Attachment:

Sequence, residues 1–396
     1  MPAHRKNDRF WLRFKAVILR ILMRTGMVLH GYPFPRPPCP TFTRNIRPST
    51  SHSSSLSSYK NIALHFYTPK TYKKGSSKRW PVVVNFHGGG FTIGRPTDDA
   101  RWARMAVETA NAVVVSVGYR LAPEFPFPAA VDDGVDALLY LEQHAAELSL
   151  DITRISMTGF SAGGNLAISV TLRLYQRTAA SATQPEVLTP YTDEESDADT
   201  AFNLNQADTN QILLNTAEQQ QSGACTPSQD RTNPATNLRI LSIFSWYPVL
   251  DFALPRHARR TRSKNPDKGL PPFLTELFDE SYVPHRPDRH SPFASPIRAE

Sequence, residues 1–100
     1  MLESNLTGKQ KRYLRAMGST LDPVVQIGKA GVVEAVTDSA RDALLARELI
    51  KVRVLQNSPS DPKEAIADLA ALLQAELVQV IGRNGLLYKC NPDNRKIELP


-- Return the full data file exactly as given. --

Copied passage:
Sequence, residues 1–396
     1  MPAHRKNDRF WLRFKAVILR ILMRTGMVLH GYPFPRPPCP TFTRNIRPST
    51  SHSSSLSSYK NIALHFYTPK TYKKGSSKRW PVVVNFHGGG FTIGRPTDDA
   101  RWARMAVETA NAVVVSVGYR LAPEFPFPAA VDDGVDALLY LEQHAAELSL
   151  DITRISMTGF SAGGNLAISV TLRLYQRTAA SATQPEVLTP YTDEESDADT
   201  AFNLNQADTN QILLNTAEQQ QSGACTPSQD RTNPATNLRI LSIFSWYPVL
   251  DFALPRHARR TRSKNPDKGL PPFLTELFDE SYVPHRPDRH SPFASPIRAE

Sequence, residues 1–100
     1  MLESNLTGKQ KRYLRAMGST LDPVVQIGKA GVVEAVTDSA RDALLARELI
    51  KVRVLQNSPS DPKEAIADLA ALLQAELVQV IGRNGLLYKC NPDNRKIELP